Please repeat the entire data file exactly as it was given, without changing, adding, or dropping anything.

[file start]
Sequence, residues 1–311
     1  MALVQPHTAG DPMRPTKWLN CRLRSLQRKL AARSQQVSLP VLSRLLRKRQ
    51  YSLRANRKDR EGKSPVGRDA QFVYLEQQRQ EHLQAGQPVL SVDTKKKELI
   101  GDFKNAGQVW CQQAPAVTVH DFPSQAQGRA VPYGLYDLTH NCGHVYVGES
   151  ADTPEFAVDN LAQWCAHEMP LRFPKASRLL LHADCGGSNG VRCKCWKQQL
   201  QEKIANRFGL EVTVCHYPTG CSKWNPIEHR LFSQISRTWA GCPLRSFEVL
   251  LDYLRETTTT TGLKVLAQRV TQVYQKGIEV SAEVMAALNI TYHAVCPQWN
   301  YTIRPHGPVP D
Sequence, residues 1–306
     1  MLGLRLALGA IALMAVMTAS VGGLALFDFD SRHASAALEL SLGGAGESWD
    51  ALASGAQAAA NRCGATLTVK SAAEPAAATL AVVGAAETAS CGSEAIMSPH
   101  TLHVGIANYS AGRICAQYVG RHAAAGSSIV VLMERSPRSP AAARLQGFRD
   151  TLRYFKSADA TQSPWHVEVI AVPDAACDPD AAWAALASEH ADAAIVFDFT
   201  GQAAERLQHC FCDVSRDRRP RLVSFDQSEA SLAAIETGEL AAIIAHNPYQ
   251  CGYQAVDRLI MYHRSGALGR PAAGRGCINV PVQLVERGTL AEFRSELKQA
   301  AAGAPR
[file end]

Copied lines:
Sequence, residues 1–311
     1  MALVQPHTAG DPMRPTKWLN CRLRSLQRKL AARSQQVSLP VLSRLLRKRQ
    51  YSLRANRKDR EGKSPVGRDA QFVYLEQQRQ EHLQAGQPVL SVDTKKKELI
   101  GDFKNAGQVW CQQAPAVTVH DFPSQAQGRA VPYGLYDLTH NCGHVYVGES
   151  ADTPEFAVDN LAQWCAHEMP LRFPKASRLL LHADCGGSNG VRCKCWKQQL
   201  QEKIANRFGL EVTVCHYPTG CSKWNPIEHR LFSQISRTWA GCPLRSFEVL
   251  LDYLRETTTT TGLKVLAQRV TQVYQKGIEV SAEVMAALNI TYHAVCPQWN
   301  YTIRPHGPVP D
Sequence, residues 1–306
     1  MLGLRLALGA IALMAVMTAS VGGLALFDFD SRHASAALEL SLGGAGESWD
    51  ALASGAQAAA NRCGATLTVK SAAEPAAATL AVVGAAETAS CGSEAIMSPH
   101  TLHVGIANYS AGRICAQYVG RHAAAGSSIV VLMERSPRSP AAARLQGFRD
   151  TLRYFKSADA TQSPWHVEVI AVPDAACDPD AAWAALASEH ADAAIVFDFT
   201  GQAAERLQHC FCDVSRDRRP RLVSFDQSEA SLAAIETGEL AAIIAHNPYQ
   251  CGYQAVDRLI MYHRSGALGR PAAGRGCINV PVQLVERGTL AEFRSELKQA
   301  AAGAPR